When the demands of Neoliberalism play havoc with our lives, it is time to fight back, and designers wield the sharpest tools
We live in a world dominated by Neoliberalism, which establishment politics accepts as the only way to run society. This economic doctrine claims that we are best served by maximum market freedom and minimum state intervention.
The conditions that Neoliberalism demands – minimal taxes, the dismantling or privatisation of public services and social security, deregulation, the breaking of the unions – just happen to be the conditions required to make the elite even richer (with a shift of wealth to the top tenth of one per cent), while leaving everyone else to sink or swim.
But what does this have to do with graphic design? Well it helps to explain the current dominance of corporate culture in the forms of advertising and branding, to the point where graphic communication is merely a ‘service industry’ for those interests.
Outlined in these pages are practical examples of graphic resistance across a range of media drawn from artists, designers and studios who have worked within and around the anti-capitalist and anti-war movements of the past decade or so and have given voice to the ‘social crises’. Some projects are in the tradition of agit-prop; others are from the related field of culture-jamming. Each holds a seed of inspiration and hope for those pondering what is to be done.
Neoliberalism’s ideology of individualism is reflected in culture with the increasing obsession with the self and appearances. In the academic world, similar views are expressed through varieties of Postmodernism, whose claims for the fragmentation of reality, or the ‘relativity of truth’, echo the rhetoric of the Neoliberal cause.
Becoming more decollectivised, more atomised and isolated as individuals, as these policies spread through society, has a psychological cost: depression is now the second biggest threat to health in the West.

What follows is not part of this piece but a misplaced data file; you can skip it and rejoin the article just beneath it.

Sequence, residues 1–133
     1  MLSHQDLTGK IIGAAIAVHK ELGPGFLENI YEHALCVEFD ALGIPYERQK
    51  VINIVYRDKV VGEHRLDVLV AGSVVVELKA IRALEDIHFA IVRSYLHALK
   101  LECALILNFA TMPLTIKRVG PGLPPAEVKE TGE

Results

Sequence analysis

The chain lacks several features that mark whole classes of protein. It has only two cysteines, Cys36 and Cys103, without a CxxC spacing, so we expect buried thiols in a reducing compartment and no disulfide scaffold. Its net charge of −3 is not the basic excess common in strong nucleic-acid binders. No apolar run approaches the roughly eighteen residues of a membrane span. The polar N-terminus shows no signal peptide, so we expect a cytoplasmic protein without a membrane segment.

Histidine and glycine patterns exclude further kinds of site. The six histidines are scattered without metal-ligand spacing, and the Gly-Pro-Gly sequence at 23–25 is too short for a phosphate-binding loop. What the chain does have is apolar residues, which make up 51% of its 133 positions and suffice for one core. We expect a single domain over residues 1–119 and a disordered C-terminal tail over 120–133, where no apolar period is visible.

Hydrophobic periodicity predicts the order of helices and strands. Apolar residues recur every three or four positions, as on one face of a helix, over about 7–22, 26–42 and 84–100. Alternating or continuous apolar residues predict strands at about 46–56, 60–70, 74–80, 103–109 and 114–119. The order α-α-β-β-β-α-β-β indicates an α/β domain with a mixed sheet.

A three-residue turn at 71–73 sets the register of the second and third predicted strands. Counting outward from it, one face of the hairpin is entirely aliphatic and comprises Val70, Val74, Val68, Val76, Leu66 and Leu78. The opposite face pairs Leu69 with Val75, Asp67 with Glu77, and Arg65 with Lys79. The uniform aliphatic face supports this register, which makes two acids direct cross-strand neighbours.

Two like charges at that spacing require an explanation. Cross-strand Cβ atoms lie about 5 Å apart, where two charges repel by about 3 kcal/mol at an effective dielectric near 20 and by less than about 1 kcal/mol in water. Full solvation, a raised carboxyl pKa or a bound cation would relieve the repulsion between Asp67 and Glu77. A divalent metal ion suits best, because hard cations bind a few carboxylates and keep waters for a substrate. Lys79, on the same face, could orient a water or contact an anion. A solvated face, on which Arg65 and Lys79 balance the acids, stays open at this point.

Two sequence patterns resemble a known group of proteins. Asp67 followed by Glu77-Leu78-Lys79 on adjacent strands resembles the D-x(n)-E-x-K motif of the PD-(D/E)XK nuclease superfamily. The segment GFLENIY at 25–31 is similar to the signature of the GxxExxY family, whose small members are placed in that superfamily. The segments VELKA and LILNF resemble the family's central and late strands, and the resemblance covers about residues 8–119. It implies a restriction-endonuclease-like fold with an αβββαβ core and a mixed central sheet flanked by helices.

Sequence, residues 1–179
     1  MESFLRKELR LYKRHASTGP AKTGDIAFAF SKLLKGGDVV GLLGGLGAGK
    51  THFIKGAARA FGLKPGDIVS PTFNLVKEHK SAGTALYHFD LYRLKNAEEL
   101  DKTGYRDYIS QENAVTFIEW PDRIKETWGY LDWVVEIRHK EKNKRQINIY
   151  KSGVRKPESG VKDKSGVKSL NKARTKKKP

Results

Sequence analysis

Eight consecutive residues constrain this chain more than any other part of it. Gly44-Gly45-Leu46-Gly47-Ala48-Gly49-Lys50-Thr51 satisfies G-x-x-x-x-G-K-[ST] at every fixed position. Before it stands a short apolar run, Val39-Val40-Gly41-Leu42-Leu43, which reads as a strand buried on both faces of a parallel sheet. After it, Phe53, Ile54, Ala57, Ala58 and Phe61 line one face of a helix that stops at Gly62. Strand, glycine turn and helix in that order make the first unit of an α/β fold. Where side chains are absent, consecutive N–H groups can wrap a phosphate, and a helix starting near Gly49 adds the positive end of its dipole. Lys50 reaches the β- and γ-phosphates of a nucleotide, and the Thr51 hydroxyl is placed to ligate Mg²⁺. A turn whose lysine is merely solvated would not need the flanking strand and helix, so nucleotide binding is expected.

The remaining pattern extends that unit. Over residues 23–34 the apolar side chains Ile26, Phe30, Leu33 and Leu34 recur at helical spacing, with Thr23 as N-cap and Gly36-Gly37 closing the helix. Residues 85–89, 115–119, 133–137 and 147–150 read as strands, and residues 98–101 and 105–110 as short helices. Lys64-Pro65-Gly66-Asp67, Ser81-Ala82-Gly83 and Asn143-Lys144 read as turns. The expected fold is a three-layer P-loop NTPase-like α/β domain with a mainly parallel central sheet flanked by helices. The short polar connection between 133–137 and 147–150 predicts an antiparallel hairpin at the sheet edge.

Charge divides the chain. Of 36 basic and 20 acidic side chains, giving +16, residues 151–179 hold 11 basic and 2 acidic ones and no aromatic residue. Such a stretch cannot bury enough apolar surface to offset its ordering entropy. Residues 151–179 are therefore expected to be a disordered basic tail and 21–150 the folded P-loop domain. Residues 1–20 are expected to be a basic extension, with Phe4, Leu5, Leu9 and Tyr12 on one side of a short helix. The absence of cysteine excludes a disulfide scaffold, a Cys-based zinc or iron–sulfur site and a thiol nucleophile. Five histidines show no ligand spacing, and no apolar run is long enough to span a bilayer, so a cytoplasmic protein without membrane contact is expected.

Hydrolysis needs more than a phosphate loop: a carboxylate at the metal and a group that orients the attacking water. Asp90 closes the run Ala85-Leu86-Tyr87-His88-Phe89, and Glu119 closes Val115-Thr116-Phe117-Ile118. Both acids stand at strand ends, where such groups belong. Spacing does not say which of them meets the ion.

And yet all this masks the fact that never has there been such inter-connectedness when it comes to everyday life: each of us relies so heavily on the labour of others globally. Yet the institutions and social relations of Capitalism that organise such a high level of social co-operation also produce the alienation – by not allowing us control over what we produce – that separates us from each other. The system is now more destructive than progressive, and threatens life as we know it through climate change and war. In the cultural field, outdated intellectual property conventions constrain the potential of a free, globally shared culture, accessible to all.
This is not to lay the blame on the shoulders of the beleaguered graphic designer who is attempting to make a living. Attempting to commodify creativity or ‘innovation’ has been important for Neoliberal economies and this has put increasing commercial pressure on all areas of culture – the ideas factory becomes then not so different from the traditional factory. Where the difference in designers’ labour does lie is in the intimate connection between value for Capital and our own minds and bodies. Creative labour practised by cultural workers constitutes a problem for Capital’s command and control over it. This contradiction expresses itself in graphic design in debates over what is ‘good’ design and the thorny topics of morality and ethics.